Nikolaus Joseph von Jacquin (1727–1817)
ICONES PLANTARUM RARIORUM, Vindobonae 1781–1804
paper, binding: cardboard covered with brown leather; 460×278 mm, Olomouc Archbishopric – Archdiocesan Museum in Kroměříž, 5838, K/2 I/2 4–4f
This monumental six-volume work Icones plantarum rariorum (Illustrations of Plants) includes 648 colour illustrations by Josef Hofbauer, Ferdinand and Franz Bauer, and Josef Scharf. Nikolaus Joseph von Jacquin was a Dutch botanist and physicist, he studied medicine in his hometown of Leyden, then continued his studies in Paris and Vienna, where he lived from 1752. He founded the botanical garden and botanical school in Vienna. Between 1755 and 1769 Franz Stephan of Lorrain, the husband of Empress Maria Theresa, sent Jacquin, to the West Indies and Central America on study trips, in order to enrich the botanical collections of the Schönbrunn Palace with animals, plants and minerals. In 1762 Jacquin received the title of professor of mineralogy and mining in Banská Štiavnica and in 1768 he was appointed professor of botany and physics at Vienna University, entrusted with the supervision of the imperial gardens in Schönbrunn and ennobled. He co-operated with his son Josef Franz.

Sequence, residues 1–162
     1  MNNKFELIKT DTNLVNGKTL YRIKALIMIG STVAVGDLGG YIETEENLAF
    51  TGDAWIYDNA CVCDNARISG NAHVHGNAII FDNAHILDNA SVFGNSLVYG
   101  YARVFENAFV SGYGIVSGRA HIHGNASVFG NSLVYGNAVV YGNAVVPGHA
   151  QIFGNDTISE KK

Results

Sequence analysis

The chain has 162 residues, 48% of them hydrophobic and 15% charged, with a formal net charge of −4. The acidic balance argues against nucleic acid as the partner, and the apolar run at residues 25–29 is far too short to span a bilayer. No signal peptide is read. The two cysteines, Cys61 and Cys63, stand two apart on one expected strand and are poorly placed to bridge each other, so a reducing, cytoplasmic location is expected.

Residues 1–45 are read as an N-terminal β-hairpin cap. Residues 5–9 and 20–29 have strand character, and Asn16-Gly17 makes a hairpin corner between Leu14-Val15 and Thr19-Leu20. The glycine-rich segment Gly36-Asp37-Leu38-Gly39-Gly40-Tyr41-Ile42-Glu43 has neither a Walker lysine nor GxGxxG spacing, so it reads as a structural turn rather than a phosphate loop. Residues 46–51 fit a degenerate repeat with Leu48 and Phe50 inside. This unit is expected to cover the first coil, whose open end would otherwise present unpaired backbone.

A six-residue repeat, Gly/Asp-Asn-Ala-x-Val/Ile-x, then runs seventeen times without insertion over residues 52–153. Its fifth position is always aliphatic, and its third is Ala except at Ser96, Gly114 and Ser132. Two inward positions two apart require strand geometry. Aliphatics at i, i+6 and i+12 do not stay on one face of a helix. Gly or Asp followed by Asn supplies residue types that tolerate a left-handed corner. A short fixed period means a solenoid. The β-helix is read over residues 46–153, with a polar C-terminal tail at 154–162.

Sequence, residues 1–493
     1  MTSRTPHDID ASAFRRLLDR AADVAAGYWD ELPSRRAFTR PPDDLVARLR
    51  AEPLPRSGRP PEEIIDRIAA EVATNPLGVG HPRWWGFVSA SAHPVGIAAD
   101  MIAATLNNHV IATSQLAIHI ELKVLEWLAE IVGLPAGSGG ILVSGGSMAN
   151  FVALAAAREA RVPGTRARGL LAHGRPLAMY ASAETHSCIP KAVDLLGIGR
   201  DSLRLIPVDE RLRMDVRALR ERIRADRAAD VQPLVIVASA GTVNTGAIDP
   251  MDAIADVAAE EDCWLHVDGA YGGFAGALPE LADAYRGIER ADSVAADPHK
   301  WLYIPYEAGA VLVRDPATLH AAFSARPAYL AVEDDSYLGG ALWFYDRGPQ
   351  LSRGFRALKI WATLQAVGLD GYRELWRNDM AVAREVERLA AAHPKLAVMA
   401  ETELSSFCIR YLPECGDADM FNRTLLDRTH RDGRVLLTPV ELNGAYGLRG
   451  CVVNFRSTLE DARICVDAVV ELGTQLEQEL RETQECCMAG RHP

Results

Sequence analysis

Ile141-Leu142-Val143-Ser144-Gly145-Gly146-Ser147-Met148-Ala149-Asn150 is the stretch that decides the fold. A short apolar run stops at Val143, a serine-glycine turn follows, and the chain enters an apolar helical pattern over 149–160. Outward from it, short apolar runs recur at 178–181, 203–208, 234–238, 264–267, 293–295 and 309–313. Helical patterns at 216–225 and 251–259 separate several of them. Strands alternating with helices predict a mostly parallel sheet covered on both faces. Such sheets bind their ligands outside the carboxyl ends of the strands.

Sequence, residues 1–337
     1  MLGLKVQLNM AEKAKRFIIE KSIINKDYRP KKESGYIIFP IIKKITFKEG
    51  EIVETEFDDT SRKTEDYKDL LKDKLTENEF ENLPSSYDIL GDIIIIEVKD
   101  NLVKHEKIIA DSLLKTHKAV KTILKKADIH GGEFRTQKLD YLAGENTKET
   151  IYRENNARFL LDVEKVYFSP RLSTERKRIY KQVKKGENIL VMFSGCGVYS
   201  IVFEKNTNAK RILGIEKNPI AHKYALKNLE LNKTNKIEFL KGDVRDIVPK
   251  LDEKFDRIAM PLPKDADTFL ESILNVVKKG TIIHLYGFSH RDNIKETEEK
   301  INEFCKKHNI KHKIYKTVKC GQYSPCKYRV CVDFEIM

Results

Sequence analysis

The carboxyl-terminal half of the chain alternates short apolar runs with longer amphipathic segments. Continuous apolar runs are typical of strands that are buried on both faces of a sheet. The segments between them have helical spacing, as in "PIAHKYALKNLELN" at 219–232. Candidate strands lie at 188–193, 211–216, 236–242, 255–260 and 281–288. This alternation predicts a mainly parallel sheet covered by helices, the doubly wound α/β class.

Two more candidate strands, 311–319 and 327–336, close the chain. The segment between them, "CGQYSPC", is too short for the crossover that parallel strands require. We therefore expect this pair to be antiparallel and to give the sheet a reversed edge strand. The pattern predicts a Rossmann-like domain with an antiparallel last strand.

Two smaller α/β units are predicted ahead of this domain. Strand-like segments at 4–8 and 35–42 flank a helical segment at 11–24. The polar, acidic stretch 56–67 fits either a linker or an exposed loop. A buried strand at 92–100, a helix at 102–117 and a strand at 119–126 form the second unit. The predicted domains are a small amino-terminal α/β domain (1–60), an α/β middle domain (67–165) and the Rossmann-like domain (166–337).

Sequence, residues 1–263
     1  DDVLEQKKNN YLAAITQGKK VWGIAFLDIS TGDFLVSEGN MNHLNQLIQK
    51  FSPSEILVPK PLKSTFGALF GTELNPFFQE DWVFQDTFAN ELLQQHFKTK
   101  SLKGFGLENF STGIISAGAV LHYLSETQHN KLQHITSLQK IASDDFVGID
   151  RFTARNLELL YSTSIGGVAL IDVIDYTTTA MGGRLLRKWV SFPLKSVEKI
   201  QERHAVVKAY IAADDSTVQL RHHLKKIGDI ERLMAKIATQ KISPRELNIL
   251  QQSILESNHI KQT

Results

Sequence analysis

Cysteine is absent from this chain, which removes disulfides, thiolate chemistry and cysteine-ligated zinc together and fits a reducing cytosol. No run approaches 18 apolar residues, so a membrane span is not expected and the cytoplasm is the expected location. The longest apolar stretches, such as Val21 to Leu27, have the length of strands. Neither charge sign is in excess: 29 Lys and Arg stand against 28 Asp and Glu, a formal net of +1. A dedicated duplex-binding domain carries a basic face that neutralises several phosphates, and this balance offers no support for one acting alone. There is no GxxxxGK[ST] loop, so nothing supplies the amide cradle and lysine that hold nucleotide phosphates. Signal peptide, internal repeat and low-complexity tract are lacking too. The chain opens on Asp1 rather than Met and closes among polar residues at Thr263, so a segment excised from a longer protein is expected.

The authors major works include Hortus botanicus Vindobonensis (1770–1776) and Flora Austriaca (1773–1778).